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Popularity of five-year fixes grows as consumers exercise caution

  • 25/10/2016
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Popularity of five-year fixes grows as consumers exercise caution
Customers opted for long-term security when remortgaging in September, as a growing proportion of consumers locked into five-year fixes, findings published by LMS reveal.

Some 22% of remortgagors choose a five-year fixed rate last month, compared to 8% of customers which had one before remortgaging, as customers sought stability in the post-referendum climate amid falling rates. Likewise, customer preference for two-year fixed rates dwindled as the proportion of consumers on this product type dropped from 38% to 26% after they remortgaged.

According to LMS’s findings of 825 remortgagors, 85% managed to lower their mortgage rates in September, backing findings that the majority of remortgages in September were driven by rate, as customers changed the type of their mortgage product to suit their current financial situation and expectations.

Almost a quarter of consumers formed their remortgaging decision on a lender based on a recommendation from their broker or adviser, while 8% opted for lender reputation and 5% said customer service was the most important factor.

Andy Knee, chief executive of LMS, said: “While two-year fixed products remain the most attractive to remortgagors, the growth in popularity of five-year term fixed mortgages is interesting and suggests two distinct personalities among homeowners at present; those keen to take advantage of competitive rates and lower costs with short-term fixes and; those who are more cautious, prioritising greater stability in a period of uncertainty by fixing for longer.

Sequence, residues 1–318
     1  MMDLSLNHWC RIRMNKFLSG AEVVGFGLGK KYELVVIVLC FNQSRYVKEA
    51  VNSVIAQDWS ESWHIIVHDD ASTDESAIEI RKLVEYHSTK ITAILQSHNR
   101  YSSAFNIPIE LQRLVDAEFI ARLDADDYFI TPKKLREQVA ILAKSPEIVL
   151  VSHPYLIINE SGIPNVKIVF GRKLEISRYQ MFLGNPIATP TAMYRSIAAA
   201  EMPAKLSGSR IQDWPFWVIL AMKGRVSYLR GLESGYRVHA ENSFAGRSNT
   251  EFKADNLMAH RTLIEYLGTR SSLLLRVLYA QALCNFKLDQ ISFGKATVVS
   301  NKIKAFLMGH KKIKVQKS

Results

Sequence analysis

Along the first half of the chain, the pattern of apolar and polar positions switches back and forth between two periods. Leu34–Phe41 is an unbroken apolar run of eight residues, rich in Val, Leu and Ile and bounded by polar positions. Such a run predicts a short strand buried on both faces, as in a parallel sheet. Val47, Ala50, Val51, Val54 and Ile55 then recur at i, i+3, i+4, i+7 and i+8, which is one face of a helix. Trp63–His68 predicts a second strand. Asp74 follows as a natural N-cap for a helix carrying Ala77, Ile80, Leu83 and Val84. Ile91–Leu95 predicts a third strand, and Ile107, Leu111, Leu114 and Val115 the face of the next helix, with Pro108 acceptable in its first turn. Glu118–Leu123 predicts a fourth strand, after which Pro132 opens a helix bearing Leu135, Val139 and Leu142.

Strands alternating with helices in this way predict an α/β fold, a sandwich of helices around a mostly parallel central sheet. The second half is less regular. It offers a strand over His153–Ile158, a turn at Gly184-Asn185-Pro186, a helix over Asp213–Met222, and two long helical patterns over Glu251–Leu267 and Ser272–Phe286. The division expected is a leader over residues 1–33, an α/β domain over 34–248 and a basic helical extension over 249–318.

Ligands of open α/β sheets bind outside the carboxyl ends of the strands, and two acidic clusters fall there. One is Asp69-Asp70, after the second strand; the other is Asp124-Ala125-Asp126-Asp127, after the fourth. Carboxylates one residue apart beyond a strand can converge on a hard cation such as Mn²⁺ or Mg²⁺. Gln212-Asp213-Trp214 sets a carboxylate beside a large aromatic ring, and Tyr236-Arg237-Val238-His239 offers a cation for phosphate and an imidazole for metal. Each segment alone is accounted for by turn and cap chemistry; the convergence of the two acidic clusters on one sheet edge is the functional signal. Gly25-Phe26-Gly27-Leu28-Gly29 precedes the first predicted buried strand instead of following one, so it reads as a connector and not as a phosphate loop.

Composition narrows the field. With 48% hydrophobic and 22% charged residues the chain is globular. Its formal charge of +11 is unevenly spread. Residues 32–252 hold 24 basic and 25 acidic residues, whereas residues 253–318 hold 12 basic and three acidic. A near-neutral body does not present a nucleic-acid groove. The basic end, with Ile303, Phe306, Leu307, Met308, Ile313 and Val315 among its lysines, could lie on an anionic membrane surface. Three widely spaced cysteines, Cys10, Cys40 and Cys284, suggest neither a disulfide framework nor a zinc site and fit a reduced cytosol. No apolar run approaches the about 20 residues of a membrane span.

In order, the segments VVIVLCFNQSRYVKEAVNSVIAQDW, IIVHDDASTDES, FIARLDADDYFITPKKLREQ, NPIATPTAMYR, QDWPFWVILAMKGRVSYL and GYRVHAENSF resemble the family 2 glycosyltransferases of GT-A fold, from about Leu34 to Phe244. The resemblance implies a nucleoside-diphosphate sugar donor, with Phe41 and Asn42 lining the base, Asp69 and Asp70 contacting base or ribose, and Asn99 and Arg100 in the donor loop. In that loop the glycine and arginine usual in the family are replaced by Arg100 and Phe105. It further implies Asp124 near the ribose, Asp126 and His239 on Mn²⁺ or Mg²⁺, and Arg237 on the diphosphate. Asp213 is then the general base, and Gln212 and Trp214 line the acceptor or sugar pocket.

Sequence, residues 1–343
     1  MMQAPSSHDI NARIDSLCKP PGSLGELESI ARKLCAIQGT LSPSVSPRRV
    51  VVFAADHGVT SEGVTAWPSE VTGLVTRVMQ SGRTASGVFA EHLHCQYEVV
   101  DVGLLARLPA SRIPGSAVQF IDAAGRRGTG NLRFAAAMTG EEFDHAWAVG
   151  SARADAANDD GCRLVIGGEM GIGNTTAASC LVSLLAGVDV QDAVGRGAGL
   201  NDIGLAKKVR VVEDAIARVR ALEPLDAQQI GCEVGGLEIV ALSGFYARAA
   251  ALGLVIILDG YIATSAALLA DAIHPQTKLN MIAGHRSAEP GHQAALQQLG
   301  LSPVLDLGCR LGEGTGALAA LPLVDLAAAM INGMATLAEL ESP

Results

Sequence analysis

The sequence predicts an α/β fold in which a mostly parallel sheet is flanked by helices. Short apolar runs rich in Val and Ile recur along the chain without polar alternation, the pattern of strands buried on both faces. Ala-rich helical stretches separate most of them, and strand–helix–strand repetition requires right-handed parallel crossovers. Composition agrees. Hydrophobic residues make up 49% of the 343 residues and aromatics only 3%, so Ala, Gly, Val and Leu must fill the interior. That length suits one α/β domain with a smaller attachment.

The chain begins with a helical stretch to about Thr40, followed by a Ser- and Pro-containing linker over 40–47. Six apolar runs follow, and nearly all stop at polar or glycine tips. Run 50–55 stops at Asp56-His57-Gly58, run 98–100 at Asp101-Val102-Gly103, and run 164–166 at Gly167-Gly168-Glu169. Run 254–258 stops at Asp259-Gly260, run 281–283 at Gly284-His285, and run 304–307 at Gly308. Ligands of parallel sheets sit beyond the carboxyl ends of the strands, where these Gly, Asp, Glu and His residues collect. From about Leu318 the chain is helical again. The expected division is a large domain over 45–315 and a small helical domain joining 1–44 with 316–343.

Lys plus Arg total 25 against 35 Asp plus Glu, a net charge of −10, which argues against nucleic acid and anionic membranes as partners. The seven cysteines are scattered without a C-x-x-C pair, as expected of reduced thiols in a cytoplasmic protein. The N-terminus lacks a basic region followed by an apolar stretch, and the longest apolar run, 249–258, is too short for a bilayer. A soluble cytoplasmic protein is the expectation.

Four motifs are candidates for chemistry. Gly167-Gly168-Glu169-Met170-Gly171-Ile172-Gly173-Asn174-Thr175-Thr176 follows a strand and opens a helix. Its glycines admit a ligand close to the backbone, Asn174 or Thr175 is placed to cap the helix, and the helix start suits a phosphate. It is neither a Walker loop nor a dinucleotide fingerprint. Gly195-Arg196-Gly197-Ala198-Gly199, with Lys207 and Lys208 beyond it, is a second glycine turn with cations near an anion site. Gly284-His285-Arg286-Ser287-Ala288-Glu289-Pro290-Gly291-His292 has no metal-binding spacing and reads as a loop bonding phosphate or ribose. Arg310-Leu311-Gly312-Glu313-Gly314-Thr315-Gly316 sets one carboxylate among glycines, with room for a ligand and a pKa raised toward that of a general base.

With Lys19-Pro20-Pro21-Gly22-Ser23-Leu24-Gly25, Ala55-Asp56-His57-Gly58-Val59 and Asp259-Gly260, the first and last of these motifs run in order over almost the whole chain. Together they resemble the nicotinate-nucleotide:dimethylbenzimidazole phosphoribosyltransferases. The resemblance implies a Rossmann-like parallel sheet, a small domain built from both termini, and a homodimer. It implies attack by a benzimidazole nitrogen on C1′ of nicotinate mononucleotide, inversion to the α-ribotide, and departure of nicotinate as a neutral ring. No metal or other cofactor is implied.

“As the terms of Brexit remain unclear and its impact on prices and costs are not fully realised, it will be interesting to see whether more people start erring on the side of caution or wait for more information.”

Awareness of the benefits of remortgaging appeared to be evident among homeowners as 64% said they plan to do so again within the next four years, while just 12% expect to wait more than eight years to remortgage again.

Despite this, 62% of consumers in September only remortgaged when they did because they had come to the end of their current deal. LMS warned this trend suggested complacency or lack of awareness, with consumers missing out on potential monthly savings earlier than they realised.

Knee added: “Today’s favourable conditions and very little anticipation of rates rising any time soon, means homeowners plan to take advantage of this and remortgage more frequently. For those who have not remortgaged yet, there is still plenty of incentive to act before the year is out, and may provide some welcome relief in the run up to Christmas when rising prices and higher inflation are likely to take its toll on family finances.”

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